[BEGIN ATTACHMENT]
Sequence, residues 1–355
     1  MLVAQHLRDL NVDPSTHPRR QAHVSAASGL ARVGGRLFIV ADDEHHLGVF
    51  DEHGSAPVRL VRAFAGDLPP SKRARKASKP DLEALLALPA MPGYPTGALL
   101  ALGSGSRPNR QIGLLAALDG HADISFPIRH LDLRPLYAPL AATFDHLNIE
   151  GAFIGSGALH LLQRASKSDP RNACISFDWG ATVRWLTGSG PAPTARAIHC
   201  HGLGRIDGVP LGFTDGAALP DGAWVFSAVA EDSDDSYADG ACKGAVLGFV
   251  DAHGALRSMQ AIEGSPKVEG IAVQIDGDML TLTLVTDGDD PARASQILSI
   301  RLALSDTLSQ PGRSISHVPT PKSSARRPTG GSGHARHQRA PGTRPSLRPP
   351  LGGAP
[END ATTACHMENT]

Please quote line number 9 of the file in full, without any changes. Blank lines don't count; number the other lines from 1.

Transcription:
   351  LGGAP